This category covers councils and boards of commissioners or supervisors and such bodies in which the chief executive is a member of the legislative body itself.
921140 (Executive and Legislative Offices, Combined)
The U.S. government is distinguished by a strict separation of powers between federal and executive offices, as outlined in the U.S. Constitution. Likewise, most state constitutions embody this unique and important American division of legislative labor. It serves to reduce the power that government has over its citizens. However, many local governments are largely devoid of this separation of powers. For the sake of simplicity and efficiency, city and county governmental units often combine administrative and lawmaking functions.
The three primary types of city governments are: mayor-council, commission, and council-manager. Under the mayor-council arrangement, the mayor is technically charged with overseeing executive functions, such as formulating policy, presiding over functions, and preparing the budget. The council acts as the legislative body and establishes ordinances. In reality, however, the mayor often controls the actions of the council and ensures that laws are properly enforced. Most large cities still use a mayor-council government.
Under a commission form of city government, several commissioners are elected to serve as heads of city departments. A presiding commissioner usually acts as the mayor, but the commission oversees both administrative and lawmaking functions. Council-manager governments work similarly, but a council selects a city manager to run the government. City manager responsibilities vary, but many managers act in both legislative and executive roles to some extent.
During the early 2000s, most county governments in the United States used the commission, or board, arrangement. In 2002, there were 3,043 county governments, 19,431 municipal governments, and 16,506 town/township governments in operation throughout the United States. At the county level, for example, more than one-fifth were structured with combined legislative and executive responsibilities. By 2003, slightly less than 60 percent of counties operated under the commission form.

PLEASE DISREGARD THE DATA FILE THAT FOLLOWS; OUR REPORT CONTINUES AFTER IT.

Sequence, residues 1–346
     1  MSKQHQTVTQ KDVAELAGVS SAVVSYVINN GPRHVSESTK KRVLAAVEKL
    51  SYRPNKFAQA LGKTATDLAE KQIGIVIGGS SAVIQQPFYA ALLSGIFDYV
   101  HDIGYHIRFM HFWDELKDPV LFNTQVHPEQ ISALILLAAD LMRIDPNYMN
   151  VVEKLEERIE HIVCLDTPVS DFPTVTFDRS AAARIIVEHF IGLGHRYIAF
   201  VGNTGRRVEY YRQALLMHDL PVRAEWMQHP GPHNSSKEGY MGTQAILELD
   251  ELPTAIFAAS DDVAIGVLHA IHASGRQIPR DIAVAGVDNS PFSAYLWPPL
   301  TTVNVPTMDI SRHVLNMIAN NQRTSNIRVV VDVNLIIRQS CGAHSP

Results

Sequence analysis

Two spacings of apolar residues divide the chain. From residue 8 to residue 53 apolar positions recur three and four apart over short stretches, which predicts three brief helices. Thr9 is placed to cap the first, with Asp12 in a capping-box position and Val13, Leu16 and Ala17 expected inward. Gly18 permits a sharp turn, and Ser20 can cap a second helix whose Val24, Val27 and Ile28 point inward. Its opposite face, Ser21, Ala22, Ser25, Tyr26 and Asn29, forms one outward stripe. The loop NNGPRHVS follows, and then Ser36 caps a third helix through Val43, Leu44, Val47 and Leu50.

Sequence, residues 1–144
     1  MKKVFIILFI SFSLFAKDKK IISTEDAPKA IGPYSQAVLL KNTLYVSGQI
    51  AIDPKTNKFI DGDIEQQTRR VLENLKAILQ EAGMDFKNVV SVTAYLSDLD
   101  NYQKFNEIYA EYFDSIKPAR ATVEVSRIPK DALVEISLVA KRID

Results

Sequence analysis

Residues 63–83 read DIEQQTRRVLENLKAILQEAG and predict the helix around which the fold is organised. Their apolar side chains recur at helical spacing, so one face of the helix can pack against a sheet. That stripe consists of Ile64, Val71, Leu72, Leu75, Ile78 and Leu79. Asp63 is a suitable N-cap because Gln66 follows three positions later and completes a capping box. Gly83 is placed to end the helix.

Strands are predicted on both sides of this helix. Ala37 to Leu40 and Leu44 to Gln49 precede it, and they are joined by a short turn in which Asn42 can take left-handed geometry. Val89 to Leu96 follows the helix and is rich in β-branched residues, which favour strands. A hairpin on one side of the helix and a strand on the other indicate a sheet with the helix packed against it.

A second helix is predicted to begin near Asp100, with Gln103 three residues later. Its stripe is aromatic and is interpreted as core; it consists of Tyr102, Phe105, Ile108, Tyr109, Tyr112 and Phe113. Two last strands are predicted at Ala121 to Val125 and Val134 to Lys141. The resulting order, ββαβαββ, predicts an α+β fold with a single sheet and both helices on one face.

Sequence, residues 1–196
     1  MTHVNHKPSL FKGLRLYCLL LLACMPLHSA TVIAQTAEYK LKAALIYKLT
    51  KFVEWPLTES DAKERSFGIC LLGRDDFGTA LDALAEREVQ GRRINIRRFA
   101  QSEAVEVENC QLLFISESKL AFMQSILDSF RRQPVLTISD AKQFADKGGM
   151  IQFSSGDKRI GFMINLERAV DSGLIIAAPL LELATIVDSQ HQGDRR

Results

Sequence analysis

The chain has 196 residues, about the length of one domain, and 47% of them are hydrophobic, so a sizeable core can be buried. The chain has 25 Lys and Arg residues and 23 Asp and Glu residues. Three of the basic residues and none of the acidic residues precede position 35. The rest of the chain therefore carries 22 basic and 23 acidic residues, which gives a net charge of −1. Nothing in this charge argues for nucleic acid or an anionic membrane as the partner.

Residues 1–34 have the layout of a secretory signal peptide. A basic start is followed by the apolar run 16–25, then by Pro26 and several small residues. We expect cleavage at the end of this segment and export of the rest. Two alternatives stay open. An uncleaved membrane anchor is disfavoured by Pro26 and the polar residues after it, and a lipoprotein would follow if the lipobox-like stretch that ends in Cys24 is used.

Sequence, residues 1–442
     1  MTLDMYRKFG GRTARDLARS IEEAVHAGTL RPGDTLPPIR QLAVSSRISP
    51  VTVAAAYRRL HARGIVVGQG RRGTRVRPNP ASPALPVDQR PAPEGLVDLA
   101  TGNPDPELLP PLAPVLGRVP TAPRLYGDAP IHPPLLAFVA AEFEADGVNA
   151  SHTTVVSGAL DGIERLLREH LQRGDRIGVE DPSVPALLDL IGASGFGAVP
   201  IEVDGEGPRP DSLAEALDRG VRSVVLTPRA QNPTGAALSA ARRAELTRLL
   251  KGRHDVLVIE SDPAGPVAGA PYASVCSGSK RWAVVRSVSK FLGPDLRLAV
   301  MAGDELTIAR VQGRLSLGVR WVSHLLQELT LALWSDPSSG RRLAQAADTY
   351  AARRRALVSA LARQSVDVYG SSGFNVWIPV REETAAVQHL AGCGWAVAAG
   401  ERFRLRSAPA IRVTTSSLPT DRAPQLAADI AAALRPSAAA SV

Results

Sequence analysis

County boards are typically comprised of three to five members elected from county districts, though boards range in size from 1 to more than 100 members. Consolidation of the three branches of government is most common in the South, but the majority of counties combine at least the executive and legislative offices—a legacy of the English governing system. In addition to traditional boards, an increasing number of states have moved to a county-manager system, in which the commission selects a manager to serve in a capacity similar to that of a city manager.
Also at the county level, voters typically elect several officials, or row officers, to handle specific executive functions. Elected county officer positions may include sheriff, prosecuting attorney, treasurer, county clerk, clerk of court, and many others. The degree of control that the county board or manager exercises over the row officers varies by county, but the responsibilities of the officers commonly include legislative and executive duties.
In the early 2000s, city managers earned an average of $92,338, and county managers earned an average of $107,500. They commonly had a mix of education and experience related to public administration, business, and politics. Employment of city and county managers will likely increase as more entities adopt that form of government.
National Association of Counties. "Basic Forms of County Government." 20 May 2003. Available from http://www.naco.org .
U.S. Census Bureau. Statistical Abstract of the United States:2002. Washington, DC. Available from http://www.census.gov .
U.S. Department of Labor. Occupational Outlook Handbook, 2002-2003 Edition. Washington, DC. Available from http://www.bls.gov .